Perylene-diimides (PDI) are widely used in the field of organic electronics due to their useful n-semiconducting properties, chemical and thermal robustness, and ease of functionalization. Bulk solids and thin-films of these species crystallize in a variety of stacking configurations, depending on the conformation of the polyaromatic core. Work on 1,7-dibromoperylene derivatives has been somewhat limited because the heavily twisted nature of the perylene core may prevent the formation of efficient π–π stacks and could hamper the charge mobility.
Norberto Masciocchi, University of Insubria, Como, Italy, and colleagues have found that 1,7-dibromosubstituted perylene-diimides (pictured below), which usually have a heavily twisted conformation in the gas phase, in solution, and in the solid state (pictured schematically above on the left), can be easily “flattened” in the solid state (pictured schematically above on the right).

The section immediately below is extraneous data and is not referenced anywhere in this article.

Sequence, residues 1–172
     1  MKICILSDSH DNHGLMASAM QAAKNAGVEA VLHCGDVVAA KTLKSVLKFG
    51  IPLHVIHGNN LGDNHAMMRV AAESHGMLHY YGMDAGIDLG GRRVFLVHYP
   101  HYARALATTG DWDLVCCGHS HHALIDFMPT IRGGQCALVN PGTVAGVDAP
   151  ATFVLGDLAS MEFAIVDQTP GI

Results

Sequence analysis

The team used axial imide substituents with low stereochemical hindrance (CH2–R or NH–R) to promote the formation of such stacked, “core-flattened” PDI molecules. The four isolated species were synthesized from 3,4,9,10-tetracarboxylperylene dianhydride, which was brominated and then converted to the desired imides via reactions with phenylhydrazine or benzylamine derivatives.
X-ray powder diffraction and density functional theory (DFT) showed that thanks to the flexibility of the N–X–Ar link (X = CH2, NH), flat cores are obtained in the solid state. This packing is the result of stabilizing intramolecular interactions due to the formation of stacks of flat perylene cores. According to the researchers, this strategy may be useful to induce “anomalously flat” polyaromatic cores and promote suitable crystal packing and orbital interactions for improved electronic performance.
- Forcing Twisted 1,7‐Dibromoperylene Diimides to Flatten in the Solid State: What a Difference an Atom Makes,
Konstantis F. Konidaris, Marco Zambra, Francesco Giannici, Antonietta Guagliardi, Norberto Masciocchi,
Angew. Chem. Int. Ed. 2023.